ARRA IMPACT REPORT:
Bioethics Research Infrastructure Initiative
Public Health Burden
Given the current under representation of African Americans, Hispanics, Native Americans, Alaska Natives, Asian Americans, Native Hawaiians, and Pacific Islanders, it is clear that the goal of maximizing the diversity of participants in clinical trials has yet to be fully realized. Without clinical study participants of all races and ethnicities, promising new health interventions cannot be fully evaluated for safety and effectiveness.
Building Trust in Minority Communities
The goal of the Bioethics Research Infrastructure Initiative was to establish nationally-recognized bioethics centers dedicated to fostering greater participation of racial and ethnic minority populations in clinical trials through increased collaboration between academic researchers and minority communities.
With ARRA funding, investigators from the University of Maryland Bioethics Center1 conducted a survey of academic researchers and found that only a subset specifically target racial/ethnic minorities for inclusion and they use a range of tailored recruitment strategies. Findings highlight the need for education and training regarding the importance of minority inclusion and effective recruitment strategies.2 In a national survey of potential minority research participants, investigators found that physician referral and diversity of the recruitment team were important factors in respondent willingness to participate in research. There was also a general preference among respondents to participate in research involving lifestyle changes rather than taking medications or undergoing medical procedures. Results from these surveys were used to develop a community-based curriculum, Enhancing Minority Engagement with Researchers, which has been delivered to a number of community-based and professional organizations.
Culturally Tailored Recruitment Strategies
ARRA funding provided investigators with opportunities to examine the effectiveness of specific recruitment strategies in diverse populations.
- Researchers from Emory University examined the effectiveness of strategies for recruiting and retaining black and Hispanic men who have sex with men (MSM) into online HIV prevention interventions. Findings indicate that Hispanic men are less likely than white men to agree to participate in online prevention studies and enrolled black men are less likely than white men to complete follow-up assessments. Using advertisements displaying race/ethnic-congruent men in online banner advertisements on social networking sites results in increased recruitment rates but not retention rates for black and Hispanic men. Further analyses indicate that rural men who use the Internet to meet sexual partners are more likely to engage in high risk sexual practices than those who do not use the Internet, highlighting the importance Internet-based prevention interventions.3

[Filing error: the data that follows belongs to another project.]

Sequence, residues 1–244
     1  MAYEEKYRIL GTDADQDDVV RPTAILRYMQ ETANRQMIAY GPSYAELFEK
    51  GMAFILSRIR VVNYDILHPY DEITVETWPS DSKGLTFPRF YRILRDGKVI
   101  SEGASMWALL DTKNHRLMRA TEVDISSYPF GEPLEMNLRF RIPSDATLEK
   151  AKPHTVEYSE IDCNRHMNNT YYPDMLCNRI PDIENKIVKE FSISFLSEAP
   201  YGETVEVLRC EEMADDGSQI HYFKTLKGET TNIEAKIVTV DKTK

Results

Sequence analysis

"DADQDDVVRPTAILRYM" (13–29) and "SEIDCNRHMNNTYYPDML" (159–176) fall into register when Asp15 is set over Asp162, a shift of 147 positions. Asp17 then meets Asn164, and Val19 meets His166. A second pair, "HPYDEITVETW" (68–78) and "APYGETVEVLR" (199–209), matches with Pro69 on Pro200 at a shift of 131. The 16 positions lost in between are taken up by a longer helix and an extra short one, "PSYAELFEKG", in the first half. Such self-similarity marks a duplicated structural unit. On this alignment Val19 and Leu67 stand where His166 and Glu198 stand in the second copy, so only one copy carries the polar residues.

- Researchers from the Washington Cancer Institute developed a culturally-relevant patient education video for African American men and women diagnosed with cancer. A 15-minute video was developed addressing six documented attitudinal barriers to clinical trial participation among African Americans: ethical misconduct of investigators, poor treatment for being poor or a minority, fear and mistrust of the medical establishment, worry about loss of autonomy, and lack of awareness about clinical trials. The video was pilot tested on 108 African American cancer patients. Patients showed significant improvement in attitudes with respect to all six identified barriers, and 62% of participants who initially said they were not likely to enroll in a clinical trial said they were likely to enroll in a trial after watching the video.4
Contributing NIH Institutes & Centers
- National Institute on Minority Health and Health Disparities (NIMHD)